Israel to Apple: We'll Stick To Stone Tablets For Now
Israel banned the use of Apple's popular iPad until international wireless standards are supported as part of Apple's distribution plans beyond the United States. In the meantime, the country that first popularized the stone tablet is preventing immigration of iPads bought in the United States, telling travelers they will need to store them at customs or ship them home. The tablets can be picked up - after paying a storage fee - at customs upon departure from Israel.
Nati Schubert, a senior deputy director for the Communications Ministry told AP. “We don’t care where people buy their equipment … but without regulation, you would have chaos.” Schubert explains that without certification the tablets could interfere with other wireless devices approved for sale in the country. Haaretz provided Eden Bar Tal, director of the Communications Ministry, the opportunity to post a lengthy explanation on behalf of the government agency which included this statement: "We are concerned with one thing only: that no wireless technology will trample the wireless connections of other users. If the iPad meets the standards set in Europe, everyone will be able to enjoy them, and we won't be forced to block their entry"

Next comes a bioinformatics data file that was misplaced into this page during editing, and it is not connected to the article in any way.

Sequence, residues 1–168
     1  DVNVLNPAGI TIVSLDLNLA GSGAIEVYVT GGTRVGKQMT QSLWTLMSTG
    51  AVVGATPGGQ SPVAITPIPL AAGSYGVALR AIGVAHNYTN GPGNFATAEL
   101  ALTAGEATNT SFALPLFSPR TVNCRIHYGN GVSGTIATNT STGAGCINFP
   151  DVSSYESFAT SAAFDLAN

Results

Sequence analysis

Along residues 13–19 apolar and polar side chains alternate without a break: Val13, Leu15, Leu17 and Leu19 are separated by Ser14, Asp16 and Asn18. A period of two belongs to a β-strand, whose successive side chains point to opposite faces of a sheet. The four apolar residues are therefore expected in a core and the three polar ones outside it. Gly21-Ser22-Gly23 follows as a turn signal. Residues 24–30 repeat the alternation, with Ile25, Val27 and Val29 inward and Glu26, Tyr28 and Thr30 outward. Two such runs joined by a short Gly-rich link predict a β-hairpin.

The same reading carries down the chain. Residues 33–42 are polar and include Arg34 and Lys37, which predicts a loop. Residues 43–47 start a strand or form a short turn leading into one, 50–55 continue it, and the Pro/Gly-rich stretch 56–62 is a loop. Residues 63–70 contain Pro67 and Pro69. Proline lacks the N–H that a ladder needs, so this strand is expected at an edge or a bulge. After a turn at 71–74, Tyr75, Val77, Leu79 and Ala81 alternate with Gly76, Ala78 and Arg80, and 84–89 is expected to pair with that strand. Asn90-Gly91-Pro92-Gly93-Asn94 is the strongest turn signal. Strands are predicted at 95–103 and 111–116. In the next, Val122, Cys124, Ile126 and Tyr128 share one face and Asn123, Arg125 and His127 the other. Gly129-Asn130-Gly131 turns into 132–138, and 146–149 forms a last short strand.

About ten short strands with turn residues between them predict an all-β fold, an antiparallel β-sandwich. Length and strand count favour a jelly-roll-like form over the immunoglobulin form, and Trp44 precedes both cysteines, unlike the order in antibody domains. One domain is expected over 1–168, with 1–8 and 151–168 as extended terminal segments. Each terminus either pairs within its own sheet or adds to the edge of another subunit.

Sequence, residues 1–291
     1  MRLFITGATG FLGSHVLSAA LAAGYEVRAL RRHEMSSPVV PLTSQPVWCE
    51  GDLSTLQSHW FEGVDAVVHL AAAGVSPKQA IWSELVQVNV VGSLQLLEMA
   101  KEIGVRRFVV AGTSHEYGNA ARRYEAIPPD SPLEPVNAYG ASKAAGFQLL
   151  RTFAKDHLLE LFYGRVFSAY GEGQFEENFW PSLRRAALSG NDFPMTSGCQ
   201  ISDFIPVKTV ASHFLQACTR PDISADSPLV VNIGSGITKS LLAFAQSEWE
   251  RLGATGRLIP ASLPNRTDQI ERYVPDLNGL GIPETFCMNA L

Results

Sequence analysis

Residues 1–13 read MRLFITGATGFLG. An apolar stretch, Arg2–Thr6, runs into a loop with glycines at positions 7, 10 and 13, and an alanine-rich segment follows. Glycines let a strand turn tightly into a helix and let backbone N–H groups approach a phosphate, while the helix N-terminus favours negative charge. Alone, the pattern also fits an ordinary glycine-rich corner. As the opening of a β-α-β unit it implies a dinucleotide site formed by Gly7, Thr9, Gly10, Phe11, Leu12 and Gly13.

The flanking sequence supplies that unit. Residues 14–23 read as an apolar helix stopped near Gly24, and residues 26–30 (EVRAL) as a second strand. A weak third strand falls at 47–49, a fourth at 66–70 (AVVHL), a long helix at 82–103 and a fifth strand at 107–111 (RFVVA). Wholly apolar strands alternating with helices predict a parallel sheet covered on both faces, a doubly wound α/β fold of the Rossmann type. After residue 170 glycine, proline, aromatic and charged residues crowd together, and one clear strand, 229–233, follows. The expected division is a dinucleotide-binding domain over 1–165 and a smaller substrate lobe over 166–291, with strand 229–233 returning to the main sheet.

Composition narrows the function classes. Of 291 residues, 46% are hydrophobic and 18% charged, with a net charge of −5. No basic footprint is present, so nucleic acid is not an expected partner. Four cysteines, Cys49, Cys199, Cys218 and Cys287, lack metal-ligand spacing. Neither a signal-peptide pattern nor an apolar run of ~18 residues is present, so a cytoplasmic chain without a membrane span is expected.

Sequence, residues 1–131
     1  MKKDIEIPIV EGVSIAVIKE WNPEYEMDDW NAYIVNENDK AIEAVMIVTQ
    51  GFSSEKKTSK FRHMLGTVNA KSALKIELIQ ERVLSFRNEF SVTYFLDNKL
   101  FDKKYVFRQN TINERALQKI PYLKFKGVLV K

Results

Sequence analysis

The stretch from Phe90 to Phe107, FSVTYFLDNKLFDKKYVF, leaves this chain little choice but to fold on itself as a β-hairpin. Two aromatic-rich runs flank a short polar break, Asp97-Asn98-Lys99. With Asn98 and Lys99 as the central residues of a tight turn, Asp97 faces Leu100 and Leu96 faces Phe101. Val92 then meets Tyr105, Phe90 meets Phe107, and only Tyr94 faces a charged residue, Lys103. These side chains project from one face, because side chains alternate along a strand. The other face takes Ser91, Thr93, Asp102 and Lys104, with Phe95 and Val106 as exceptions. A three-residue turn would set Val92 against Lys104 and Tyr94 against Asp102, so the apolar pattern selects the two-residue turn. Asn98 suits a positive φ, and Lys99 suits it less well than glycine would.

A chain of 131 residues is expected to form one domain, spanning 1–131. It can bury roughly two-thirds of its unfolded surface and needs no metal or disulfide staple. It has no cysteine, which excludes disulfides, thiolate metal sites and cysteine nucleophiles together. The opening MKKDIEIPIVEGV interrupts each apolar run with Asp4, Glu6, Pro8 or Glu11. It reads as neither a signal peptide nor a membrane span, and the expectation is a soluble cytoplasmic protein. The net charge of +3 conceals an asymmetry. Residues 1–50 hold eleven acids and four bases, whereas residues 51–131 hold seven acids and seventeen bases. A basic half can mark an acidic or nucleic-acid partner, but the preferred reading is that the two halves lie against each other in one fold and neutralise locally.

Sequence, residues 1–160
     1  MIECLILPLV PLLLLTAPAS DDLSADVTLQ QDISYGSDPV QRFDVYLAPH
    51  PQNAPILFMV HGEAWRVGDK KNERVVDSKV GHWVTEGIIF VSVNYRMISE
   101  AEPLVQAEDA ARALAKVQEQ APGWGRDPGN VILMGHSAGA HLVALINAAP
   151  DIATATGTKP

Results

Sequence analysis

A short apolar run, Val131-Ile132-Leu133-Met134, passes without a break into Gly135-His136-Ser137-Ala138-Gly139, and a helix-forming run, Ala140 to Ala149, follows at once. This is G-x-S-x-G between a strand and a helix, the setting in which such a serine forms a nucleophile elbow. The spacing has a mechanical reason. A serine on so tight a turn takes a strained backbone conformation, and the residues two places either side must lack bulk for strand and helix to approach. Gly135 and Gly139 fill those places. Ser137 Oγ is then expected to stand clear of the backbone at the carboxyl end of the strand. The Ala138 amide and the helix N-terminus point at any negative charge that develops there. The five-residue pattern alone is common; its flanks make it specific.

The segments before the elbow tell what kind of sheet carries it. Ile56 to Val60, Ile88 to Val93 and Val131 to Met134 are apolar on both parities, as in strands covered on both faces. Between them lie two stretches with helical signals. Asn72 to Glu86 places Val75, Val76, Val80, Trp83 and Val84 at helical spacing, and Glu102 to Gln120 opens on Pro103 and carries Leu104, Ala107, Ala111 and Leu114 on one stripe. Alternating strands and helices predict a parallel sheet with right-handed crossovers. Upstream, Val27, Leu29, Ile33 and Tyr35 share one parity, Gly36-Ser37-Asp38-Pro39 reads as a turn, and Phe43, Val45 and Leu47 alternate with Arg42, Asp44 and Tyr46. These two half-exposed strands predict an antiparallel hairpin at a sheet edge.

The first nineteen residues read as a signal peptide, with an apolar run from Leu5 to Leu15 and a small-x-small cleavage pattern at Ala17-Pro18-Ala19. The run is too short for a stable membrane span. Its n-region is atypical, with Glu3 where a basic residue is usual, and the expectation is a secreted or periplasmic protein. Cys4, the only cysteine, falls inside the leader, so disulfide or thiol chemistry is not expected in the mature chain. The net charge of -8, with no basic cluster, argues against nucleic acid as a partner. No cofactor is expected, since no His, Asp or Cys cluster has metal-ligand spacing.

Concurrently this week, Apple announced that availability of the tablet internationally will be delayed at least a month due to heavy demand in the US. Many Israelis who ordered the wifi-only iPads expressed their distress at what they saw as their government's overabundance of caution. "It's annoying that they didn't say anything sooner," Keren Arush told The Jerusalem Post.
It's not entirely clear if Apple's international distribution plans can proceed without resolving the issues that trouble the Israel Communication Ministry, or if Apple's Israeli fans will need to wait even longer to enjoy the popular tablet.